There are amongst them who are internationally renowned educationalists with an extensive track record in education policy and policy implementation. They are not those who thinks they know.

They have led and taught others on how to do education not just in Malaysia but globally. These are people who can help reform and transform MARA’s education under IR4.0 in a post COVID-19 era.

The Multimedia Super Corridor, the Regional Economic Corridors, and the various economic transformation programmes over the last 25 years have spawned a new generation of modern Melayu and Bumiputera economic developers that have created more than a million jobs, with a mandate to create millions more.

These are the type of individuals who are needed in Majlis MARA to implement its full mandate of socioeconomic development.

They are not mere theoretical economist. They have a clear appreciation of business economics with practical working knowledge of the dynamics between labour, capital, property, and product in the international market and our local economy.

These are present and critical in all aspects of MARA’s mandate. There are also many renown women with a successful track record in industry development, entrepreneur development and education.

From the establishment of the Islamic capital market to SME development, these are real women of substance that MARA could benefit from. Some even have research chairs at universities named after them due to their exemplary body of work.

There are also individuals who are architects of the Shared Prosperity Vision (SPV) 2030, which is a crucial piece of national development policy that all Malaysians are embarking on.

MARA should take a front and centre role for implementation of the SPV considering Melayu and Bumiputera is 70% of the population. Having one of them on Majlis MARA would help MARA to take on this role well.

We believe those who carries the above attributes that we have described would be able to come onboard as Majlis MARA members without having to do much to learn what MARA is, what socio-economic development entails, what public policy or policy implementation are all about and what are the difference between statute, directive and memo circular means in the public sector.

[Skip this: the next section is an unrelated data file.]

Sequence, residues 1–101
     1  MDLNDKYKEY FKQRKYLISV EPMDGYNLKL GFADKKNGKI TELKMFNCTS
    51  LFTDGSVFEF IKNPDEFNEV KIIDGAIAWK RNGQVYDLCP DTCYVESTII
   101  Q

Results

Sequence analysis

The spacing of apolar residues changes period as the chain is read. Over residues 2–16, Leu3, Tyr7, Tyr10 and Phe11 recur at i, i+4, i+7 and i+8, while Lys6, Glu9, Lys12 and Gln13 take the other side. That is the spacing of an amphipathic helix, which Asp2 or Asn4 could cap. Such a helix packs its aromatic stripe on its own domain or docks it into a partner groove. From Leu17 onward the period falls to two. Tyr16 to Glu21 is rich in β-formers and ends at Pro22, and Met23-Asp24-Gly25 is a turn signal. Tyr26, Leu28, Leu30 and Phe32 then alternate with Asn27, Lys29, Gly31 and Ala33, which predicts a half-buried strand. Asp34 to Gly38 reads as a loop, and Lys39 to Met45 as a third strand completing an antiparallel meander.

Datuk Dr Latiff Ahmad has made sound and impactful decisions thus far. As a response to the COVID-19 pandemic, he announced much needed relief for MARA loan repayments. Now, we come to his most important decision, which is the selection of the new Majlis MARA, which he needs to do sooner rather than later.

We also trust that when he makes his decision, the minister will choose Majlis members who has the right attitude and expectation. These new members cannot be those who expect benefits from such appointments in the form of contracts and the likes or that believe they worthy of reverence. MARA cannot afford to have such people. Its a huge Amanah.

There is a lot that needs to be done. “Kalau tidak dipecahkan ruyung, manakan dapat sagunya”.

The new Majlis MARA needs to put in a lot of effort. Roll up their sleeves and support the management to do great things for the country especially for the Melayu and Bumiputeras.

Do the right thing. Enable and empower instead of wanting to control everything. The Majlis must be expected to serve with the intent to be benevolent leaders of the community with the wherewithal to deliver significant socio-economic benefits such as highvalue job creation and industry building across the nation.

Only with the right Majlis can they then identify other social activists, NGO representative, economic advisors or genuine entrepreneurs to collaborate and help MARA achieve its true potential in line with its mission and vision.

A failure to do so, will lead to yet another dismal failure by another government. We don’t want this. MARA must thrive in the age of uncertainty.

* Ahmad Yazid Othman is a Chief Executive Officer Majlis Tindakan Ekonomi Melayu (MTEM)